On a sunny spring day, at a picnic table outdoors on the deserted UBC Vancouver campus during the pandemic, local philanthropists inspired Dr. Dermot Kelleher to come up with an ambitious and innovative plan to tackle multiple sclerosis (MS).
“Our donors had a vision that aligned with ours, but importantly, they also brought the patient perspective and challenged us to do something special that would impact patients’ lives,” says Dr. Kelleher, Dean of the Faculty of Medicine and Vice-President, Health at UBC.
The donors came to the right place, at the right time.
At UBC, research is a team sport
Dr. Kelleher gathered a team of experts in clinical neurology, immune cell biology and biomedical engineering to look at the problem from different angles and identify a promising solution—cell-based therapies.
These living drugs are filled with all the proteins and genes of a normal cell, engineered to activate the immune system to attack harmful cells like cancer, or the opposite, to turn off inappropriate immune responses and keep the immune system quiet.
“The success of cell therapy in cancer has shown the world what is possible and has opened the door to use similar approaches in autoimmunity,” says Dr. Megan Levings, Professor in the Department of Surgery and School of Biomedical Engineering at UBC, and world-leading expert in immune cell therapies.
The donors made a $33.8 million gift to the UBC Faculty of Medicine and VGH & UBC Hospital Foundation to establish the BC MS Cell Therapies Translational Research Network—the largest known donation for MS research and care worldwide.
Focused on improving lives
“The impact of this gift is enormous,” says Dr. Anthony Traboulsee, Professor in the Division of Neurology at UBC and neurologist in the MS Clinic at the Djavad Mowafaghian Centre for Brain Health. “It’s not just people in BC who will benefit, and it’s not just people with MS. Whatever is discovered for MS is going to benefit all autoimmune diseases. And if some of these therapies could lead to repair—that’s my dream—any type of neurologic disease could benefit from this medicine.”
MS is a common neurologic disease that affects about 10,000 people in BC at the prime of their lives. Patients deal with various symptoms such as loss of vision, balance, sensation, concentration, mental functioning and energy, altering their family lives and ability to work. Other autoimmune disorders such as rheumatoid arthritis, lupus, Crohn’s and celiac disease affect millions of people worldwide.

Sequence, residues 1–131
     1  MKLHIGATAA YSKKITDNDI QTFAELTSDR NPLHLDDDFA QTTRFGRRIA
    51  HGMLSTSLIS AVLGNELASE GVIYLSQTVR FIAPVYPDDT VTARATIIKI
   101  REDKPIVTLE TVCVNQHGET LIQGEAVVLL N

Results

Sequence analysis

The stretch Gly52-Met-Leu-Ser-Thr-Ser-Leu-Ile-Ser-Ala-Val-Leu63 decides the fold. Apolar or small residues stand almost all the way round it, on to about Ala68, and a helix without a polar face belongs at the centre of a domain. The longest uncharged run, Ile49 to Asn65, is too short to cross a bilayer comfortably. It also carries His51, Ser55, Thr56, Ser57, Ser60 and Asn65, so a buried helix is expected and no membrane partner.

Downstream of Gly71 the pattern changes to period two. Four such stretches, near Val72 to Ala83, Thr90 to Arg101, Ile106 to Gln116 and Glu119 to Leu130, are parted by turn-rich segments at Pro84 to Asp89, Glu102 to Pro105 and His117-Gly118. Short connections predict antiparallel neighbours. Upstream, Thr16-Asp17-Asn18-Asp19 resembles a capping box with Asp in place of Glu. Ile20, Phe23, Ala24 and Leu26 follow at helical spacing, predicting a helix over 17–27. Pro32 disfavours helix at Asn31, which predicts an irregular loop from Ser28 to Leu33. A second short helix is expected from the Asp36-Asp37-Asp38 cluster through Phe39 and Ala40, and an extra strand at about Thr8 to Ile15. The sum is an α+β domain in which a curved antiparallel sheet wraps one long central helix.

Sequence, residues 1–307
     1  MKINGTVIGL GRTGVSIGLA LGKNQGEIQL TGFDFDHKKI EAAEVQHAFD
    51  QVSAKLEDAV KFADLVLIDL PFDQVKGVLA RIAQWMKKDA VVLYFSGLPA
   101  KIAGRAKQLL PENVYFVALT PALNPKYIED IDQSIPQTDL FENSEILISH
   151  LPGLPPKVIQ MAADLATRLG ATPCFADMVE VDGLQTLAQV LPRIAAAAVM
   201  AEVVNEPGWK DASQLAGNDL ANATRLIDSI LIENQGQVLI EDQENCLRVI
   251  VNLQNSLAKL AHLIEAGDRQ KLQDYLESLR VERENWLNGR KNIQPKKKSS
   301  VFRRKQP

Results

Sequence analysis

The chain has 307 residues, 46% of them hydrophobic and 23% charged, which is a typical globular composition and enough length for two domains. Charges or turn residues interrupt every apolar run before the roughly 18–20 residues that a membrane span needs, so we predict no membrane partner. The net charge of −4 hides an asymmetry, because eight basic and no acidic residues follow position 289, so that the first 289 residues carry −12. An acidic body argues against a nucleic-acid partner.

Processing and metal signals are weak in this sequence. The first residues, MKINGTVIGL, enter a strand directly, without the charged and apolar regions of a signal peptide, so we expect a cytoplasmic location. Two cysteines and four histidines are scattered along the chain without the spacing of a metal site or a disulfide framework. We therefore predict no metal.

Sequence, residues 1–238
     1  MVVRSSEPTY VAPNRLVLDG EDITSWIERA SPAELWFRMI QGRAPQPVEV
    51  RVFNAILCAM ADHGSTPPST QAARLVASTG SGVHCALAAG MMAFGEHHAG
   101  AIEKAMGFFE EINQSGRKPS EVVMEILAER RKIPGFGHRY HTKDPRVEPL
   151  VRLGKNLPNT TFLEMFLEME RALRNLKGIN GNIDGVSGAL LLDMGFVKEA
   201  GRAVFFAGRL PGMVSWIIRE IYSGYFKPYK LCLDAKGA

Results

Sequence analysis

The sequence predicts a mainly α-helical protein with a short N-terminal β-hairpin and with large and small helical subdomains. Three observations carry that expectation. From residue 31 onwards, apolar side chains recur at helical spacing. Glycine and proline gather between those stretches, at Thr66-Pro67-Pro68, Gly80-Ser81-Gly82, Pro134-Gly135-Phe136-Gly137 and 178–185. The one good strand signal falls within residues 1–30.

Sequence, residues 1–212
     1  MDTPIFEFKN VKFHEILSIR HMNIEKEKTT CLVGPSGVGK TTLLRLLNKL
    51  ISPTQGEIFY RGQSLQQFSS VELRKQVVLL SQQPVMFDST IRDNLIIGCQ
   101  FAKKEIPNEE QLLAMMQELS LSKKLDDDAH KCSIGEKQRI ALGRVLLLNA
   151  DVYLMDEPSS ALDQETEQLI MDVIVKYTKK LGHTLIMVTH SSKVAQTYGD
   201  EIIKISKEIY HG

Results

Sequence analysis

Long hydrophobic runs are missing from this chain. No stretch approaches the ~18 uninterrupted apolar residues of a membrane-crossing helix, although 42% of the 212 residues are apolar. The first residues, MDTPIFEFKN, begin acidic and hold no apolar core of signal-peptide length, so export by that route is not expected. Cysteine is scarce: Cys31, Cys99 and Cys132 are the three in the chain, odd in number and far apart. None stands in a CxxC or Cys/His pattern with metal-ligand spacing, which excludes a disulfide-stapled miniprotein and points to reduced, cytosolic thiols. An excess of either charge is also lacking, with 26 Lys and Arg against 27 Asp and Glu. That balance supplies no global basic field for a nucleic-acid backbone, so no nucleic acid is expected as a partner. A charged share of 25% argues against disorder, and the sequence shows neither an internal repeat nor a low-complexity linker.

“I’ve been in medicine for 50 years. I’ve never seen a time as exciting as right now,” says Dr. Kelleher. “It’s particularly exciting because I’m here at UBC, where we have such outstandingly creative, innovative, collaborative, collegial and human investigators focused on better health and wellness for all people.”
At the time of made-in-BC biotech
The UBC Faculty of Medicine is developing an innovative ecosystem by partnering across the province and internationally with biotechnology companies, major pharmaceutical companies, health authorities, government and non-governmental organizations with similar goals and values.
Today, many of the technologies that underlie advanced therapeutics emerge from university laboratories and small biotechnology companies. For example, the technologies that enabled the first antibody treatment for COVID came from AbCellera, a UBC spin-off company, and the lipid nanoparticle technology used in the COVID vaccines came from the laboratory of Dr. Peter Cullis, Professor in the Department of Biochemistry and Molecular Biology at UBC, and a company he founded called Acuitas Therapeutics.
The School of Biomedical Engineering at UBC is generating capabilities in cellular and molecular engineering, biomanufacturing, bioprocessing, and computational biology to accelerate the development of next-generation therapeutics and train the next generation of leaders in this area.
“This gift creates a foundation we will build on to ensure the new therapies and technologies that emerge will provide new opportunities for British Columbians to get early access,” says Dr. Peter Zandstra, Director of the School of Biomedical Engineering. “This is going to be a made-in-B.C. solution. The trainees, students and faculty members that are working on this effort will make their home and bring their technologies here, and I think that will have a big impact.”
Discoveries move from lab to clinic
Dr. Levings sees philanthropy as a bridge between scientific discovery in the lab and the translation of new knowledge into patient impact, in this case through the process of biomanufacturing engineered cells for testing in early-stage clinical trials. She says, “It’s immeasurable the contribution donor funding can make toward bringing translational medicine to reality.”
At UBC right now, imaginative people who understand the mechanisms of disease are working with those who understand the clinical features and those who understand how to apply technology to biological problems. Together, they will find creative solutions to diseases that cause profound human suffering.
“In my view, cell therapies that are being developed now are a revolution, much like the discovery of insulin, antibiotics and modern therapies for cancer,” says Dr. Traboulsee. “Now, what the world of cell therapies could do, not only for cancer but for people with autoimmune diseases, I think it’s going to be endless. Over the next decade, we’re going to see major advances in medicine and people’s health because of this new therapy.”
To support bio-innovation and translational medicine at UBC, please contact Erin Bartlett at email@example.com.